Refugees in Scotland ‘struggling’ with isolation during pandemic

But strong friendships have proven to be a vital lifeline for families throughout lockdown.

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Having fled fear and fighting to seek safety in Scotland during a pandemic has left many refugees at breaking point, a study has revealed.

While isolation and loneliness have affected people across the nation, a study has revealed those who have come to Scotland in the hope of building a better life have been given little support.

Waffa Alkiwfi and her family fled Syria after fearing for the lives of her children because of fighting, power cuts and no running water.

The family found safety in Dundee, found work, made friends and were learning the language – then coronavirus struck – cutting them off from most support.

Waffa Alkiwfi and her family fled Syria after fearing for their lives (STV)
Waffa Alkiwfi and her family fled Syria after fearing for their lives (STV)
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Ms Alkiwfi said: “When we were first locked down it was very hard. I felt lonely and sad, not seeing my friends and going to city centre.

“I miss seeing people’s smiles. It’s more difficult to understand in English with people wearing masks.”

Mechanic Khaldoon Al Khayyit and his wife Faten Basher fled war torn Iraq, where lockdowns were part of life.

He told STV News: “It’s not different because when we were in Iraq there was militia and the same problem we stay in our house ten days maybe 20 days, the same problem, the same scare we can’t go outside.”

Faten Basher and her husband Khaldoon Al Khayyit (STV)
Faten Basher and her husband Khaldoon Al Khayyit (STV)
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Research by Queen Margaret University has revealed the pressures of the pandemic has pushed many refugees to the brink. 

Dr Alison Strang, author of the report, said: “The combination of the isolation and the lack of hope and the lack of opportunity to move on with your life is a recipe for really acute despair and poor mental health.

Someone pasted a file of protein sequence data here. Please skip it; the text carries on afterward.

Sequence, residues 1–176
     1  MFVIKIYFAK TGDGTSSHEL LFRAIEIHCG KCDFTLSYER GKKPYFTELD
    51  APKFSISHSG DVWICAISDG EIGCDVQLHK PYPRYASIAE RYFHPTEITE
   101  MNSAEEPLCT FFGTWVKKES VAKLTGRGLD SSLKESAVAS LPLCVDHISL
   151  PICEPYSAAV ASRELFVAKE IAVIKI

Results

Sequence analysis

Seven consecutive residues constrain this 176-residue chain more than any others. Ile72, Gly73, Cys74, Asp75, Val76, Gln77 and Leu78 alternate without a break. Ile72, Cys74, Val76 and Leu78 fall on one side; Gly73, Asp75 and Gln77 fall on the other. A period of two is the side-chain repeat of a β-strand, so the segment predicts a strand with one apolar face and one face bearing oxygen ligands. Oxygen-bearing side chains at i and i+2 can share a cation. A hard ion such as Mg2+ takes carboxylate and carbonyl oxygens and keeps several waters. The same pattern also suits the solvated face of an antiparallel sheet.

“For neglected population groups, such as refugees and asylum seekers, who have experienced significant disruption in their lives, this sense of ‘life hanging in the balance’ during a time of social isolation, can become unbearable.

“But many refugees, against the odds, are managing to keep the hope going, keep the family going.”

“But many refugees, against the odds, are managing to keep the hope going, keep the family going.”

Dr Alison Strang

The friends the families have made in Scotland have been a lifeline during lockdown.

Ms Basher said: “I have a friend Joyce. She helps me and I speak with my neighbour. In the morning when I open the window I speak with him a lot.”

William Scotland, the couple’s neighbour, said: “I have been helping him to speak English and he’s been helping me to speak some Arabic.”

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Through volunteering, Ms Alkiwfi struck up a strong friendship with Anne Singleton – the families are now inseparable.

Ms Singleton said: “She would do anything for anybody. She’s really talented. She’s an amazing cook.

“She cooks me and my sister and our families an amazing carry out every Friday night which is wonderful. It’s just been an absolute joy to meet her so I feel very lucky.”

Despite losing so much in their lives these refugees say they are also lucky and, like so many, are looking forward to lockdown lifting and playing their part in the country they now call home.

The Chief Scientist Office Rapid Research into COVID-19 fund allowed research money to be made quickly available near the start of the pandemic to progress the Queen Margaret University research.